Rising gasoline prices have been a big news story this past week increasing to a nationwide average of $2.87 per gallon. The U.S. average diesel fuel price increased to $3.24 per gallon.
West Coast tops the nation at $3.73, and Gulf Coast has the lowest at $2.61, according to the Energy Information Administration (EIA).
Gasoline, diesel and other distillate fuels are made from crude oil, and crude oil prices topped $70 per barrel on the NYMEX recently for the first time since 2014.
The rise in consumption and decline in oil production worldwide has resulted in the decline of crude oil, gasoline and distillate inventories, which have been a major reason for the increase in price, EIA stated.
“Since January 2017, one of the primary indicators of a tightening world oil market has been a decline in crude oil and other liquids inventories,” according to EIA. “After sustained increases in quarterly global liquid inventories from mid-2014 through most of 2016, inventories declined throughout 2017 and into the first quarter of 2018.
“From January 2017 to April 2018, U.S. crude oil and other liquids inventories decreased by 162 million barrels while Organizaton for Economic Cooperation and Development (OECD) inventories decreased by 234 million barrels,” EIA stated. “Over this same period, U.S. and OECD crude oil and other liquids inventories moved from 229 million barrels and 334 million barrels, respectively, higher than their five-year averages to 16 million barrels and 2 million barrels lower.”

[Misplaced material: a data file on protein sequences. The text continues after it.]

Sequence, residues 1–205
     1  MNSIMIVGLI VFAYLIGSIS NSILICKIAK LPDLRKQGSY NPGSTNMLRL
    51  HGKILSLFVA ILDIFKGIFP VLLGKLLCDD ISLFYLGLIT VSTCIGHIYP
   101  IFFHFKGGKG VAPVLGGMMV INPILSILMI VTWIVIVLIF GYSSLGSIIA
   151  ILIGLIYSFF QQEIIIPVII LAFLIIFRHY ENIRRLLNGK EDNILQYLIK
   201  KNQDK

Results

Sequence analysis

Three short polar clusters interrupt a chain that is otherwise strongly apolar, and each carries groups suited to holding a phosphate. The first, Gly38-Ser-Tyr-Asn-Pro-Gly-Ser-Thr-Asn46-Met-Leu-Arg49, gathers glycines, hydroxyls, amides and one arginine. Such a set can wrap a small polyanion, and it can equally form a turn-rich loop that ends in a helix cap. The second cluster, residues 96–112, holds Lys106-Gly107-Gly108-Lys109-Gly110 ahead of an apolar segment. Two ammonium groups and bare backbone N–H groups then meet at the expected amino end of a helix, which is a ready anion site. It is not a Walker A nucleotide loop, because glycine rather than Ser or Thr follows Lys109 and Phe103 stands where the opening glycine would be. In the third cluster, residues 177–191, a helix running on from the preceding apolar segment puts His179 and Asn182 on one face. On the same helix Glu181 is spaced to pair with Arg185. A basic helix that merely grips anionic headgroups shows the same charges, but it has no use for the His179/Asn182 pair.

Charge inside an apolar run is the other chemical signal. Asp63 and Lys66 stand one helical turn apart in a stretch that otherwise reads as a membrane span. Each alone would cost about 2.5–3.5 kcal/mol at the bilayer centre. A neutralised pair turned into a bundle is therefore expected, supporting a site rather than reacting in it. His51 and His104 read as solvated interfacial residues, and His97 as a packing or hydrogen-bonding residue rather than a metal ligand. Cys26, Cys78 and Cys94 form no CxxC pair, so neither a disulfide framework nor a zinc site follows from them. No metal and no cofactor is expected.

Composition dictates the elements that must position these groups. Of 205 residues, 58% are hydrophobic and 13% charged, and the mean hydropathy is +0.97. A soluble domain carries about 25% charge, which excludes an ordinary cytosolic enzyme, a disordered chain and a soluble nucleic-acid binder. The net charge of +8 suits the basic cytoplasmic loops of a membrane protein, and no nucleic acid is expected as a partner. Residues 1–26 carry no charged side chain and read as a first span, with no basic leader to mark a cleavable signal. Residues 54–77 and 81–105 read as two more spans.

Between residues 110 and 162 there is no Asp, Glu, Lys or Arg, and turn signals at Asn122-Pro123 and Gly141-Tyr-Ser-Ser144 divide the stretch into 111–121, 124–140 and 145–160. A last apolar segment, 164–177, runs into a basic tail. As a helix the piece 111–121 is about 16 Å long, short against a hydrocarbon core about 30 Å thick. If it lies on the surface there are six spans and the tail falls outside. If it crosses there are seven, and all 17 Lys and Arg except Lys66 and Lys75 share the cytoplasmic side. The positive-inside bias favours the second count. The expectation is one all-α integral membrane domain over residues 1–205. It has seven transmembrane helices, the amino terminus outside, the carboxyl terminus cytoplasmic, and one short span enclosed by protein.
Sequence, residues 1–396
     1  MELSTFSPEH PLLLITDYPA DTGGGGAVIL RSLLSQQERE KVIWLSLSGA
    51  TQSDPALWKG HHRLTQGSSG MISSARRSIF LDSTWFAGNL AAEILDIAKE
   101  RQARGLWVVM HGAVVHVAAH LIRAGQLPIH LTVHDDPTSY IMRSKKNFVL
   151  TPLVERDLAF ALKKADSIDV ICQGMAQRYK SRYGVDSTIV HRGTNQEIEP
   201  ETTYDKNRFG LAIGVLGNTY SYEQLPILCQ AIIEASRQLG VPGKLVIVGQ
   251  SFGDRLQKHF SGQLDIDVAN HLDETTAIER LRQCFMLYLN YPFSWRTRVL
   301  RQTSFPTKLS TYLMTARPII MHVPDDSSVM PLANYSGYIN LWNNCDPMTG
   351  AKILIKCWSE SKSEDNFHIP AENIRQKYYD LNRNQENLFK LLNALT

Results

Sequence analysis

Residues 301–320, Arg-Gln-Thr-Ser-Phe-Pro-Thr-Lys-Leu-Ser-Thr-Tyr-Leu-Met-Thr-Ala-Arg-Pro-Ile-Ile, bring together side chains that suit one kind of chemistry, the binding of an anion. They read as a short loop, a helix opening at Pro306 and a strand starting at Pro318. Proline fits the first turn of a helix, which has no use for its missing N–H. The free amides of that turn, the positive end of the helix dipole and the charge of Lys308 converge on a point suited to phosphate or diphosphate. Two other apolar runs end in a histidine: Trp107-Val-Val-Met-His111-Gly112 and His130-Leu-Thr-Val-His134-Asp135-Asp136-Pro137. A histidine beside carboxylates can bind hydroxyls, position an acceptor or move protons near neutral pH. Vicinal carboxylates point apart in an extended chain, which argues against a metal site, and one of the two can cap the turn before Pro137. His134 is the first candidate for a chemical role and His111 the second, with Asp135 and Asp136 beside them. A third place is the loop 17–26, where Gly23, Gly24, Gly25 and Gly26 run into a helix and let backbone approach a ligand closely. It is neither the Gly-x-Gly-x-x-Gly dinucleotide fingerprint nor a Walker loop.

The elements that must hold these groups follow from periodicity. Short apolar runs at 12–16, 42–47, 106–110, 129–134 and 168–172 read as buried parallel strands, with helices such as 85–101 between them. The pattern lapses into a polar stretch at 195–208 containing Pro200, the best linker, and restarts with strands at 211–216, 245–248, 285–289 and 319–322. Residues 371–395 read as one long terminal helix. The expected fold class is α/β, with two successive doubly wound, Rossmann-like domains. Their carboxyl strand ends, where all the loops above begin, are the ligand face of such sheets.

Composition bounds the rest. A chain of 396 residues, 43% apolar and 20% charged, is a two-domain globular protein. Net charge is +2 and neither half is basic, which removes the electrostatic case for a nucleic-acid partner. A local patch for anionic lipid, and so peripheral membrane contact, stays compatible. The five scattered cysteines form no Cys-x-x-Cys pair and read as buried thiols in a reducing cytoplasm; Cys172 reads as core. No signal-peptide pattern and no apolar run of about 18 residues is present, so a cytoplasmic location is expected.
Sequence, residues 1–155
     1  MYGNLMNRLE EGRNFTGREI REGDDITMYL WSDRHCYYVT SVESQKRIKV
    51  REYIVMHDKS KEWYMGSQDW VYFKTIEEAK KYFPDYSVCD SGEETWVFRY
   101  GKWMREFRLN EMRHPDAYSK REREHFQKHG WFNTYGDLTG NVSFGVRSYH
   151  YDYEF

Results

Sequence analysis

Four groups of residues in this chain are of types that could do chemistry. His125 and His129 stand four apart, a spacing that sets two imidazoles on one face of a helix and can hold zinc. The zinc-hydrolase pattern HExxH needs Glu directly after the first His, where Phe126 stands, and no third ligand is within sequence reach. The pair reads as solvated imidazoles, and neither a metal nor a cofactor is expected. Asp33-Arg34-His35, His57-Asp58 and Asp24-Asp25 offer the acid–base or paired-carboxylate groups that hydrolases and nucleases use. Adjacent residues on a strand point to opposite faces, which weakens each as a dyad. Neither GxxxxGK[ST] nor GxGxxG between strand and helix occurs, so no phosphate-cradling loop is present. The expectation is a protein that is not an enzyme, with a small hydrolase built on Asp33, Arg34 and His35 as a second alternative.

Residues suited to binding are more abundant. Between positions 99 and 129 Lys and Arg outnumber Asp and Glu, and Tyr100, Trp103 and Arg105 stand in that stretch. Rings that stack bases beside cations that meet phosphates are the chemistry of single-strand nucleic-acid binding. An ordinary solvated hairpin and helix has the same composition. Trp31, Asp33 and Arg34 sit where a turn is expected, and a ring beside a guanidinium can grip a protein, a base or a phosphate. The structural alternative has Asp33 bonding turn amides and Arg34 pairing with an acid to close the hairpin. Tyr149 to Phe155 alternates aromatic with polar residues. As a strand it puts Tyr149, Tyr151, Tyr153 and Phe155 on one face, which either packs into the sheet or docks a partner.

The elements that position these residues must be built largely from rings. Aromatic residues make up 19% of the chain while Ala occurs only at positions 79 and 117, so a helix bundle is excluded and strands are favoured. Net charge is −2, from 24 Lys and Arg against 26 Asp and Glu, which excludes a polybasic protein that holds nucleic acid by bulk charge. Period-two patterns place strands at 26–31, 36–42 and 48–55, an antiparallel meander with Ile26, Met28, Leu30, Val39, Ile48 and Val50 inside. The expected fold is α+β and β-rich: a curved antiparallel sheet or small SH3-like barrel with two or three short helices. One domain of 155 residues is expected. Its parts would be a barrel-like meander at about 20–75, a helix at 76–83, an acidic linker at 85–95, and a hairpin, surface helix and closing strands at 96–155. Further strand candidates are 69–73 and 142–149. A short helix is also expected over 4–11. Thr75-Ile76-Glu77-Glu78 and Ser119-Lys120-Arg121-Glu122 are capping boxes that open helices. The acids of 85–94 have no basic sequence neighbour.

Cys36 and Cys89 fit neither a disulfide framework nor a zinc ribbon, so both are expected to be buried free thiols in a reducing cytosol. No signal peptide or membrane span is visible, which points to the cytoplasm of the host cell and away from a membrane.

The Organization of the Petroleum Exporting Countries (OPEC) agreed in November 2016 to implement a reduction in crude oil production by 1.2 million barrels per day (b/d), and to limit total OPEC production to 32.5 million b/d. In addition, Russia agreed to reduce its crude oil production. OPEC extended the agreement in November 2017, with the production cuts remaining in place until the end of 2018.
“As OPEC plans to reconvene on June 22, markets now appear more in balance, but uncertainty remains going forward,” according to EIA.
Between the first quarter of 2017 and the first quarter of 2018, estimated total world petroleum and other liquids production rose 1.6 million b/d. OECD petroleum and other liquids production rose 1.3 million b/d, and most of this growth came from increased crude oil production in U.S, which increased by 1.2 million b/d, from 9.0 million b/d to 10.2 million b/d. Total OPEC petroleum (crude and other liquids) production increased by 0.4 million b/d over this period. Total OPEC crude oil production remained at 32.4 million b/d, which was just below its agreement level of 32.5 million b/d.
Total world petroleum and other liquids consumption increased by an estimated 1.9 million b/d between the first quarters of 2017 and 2018, exceeding the growth in production and resulting in inventory declines. This consumption growth occurred primarily in the United States (0.6 million b/d), China (0.5 million b/d), and other Non-OECD Asia (0.6 million b/d).
Alex Mills is the former President of the Texas Alliance of Energy Producers. The opinions expressed are solely of the author.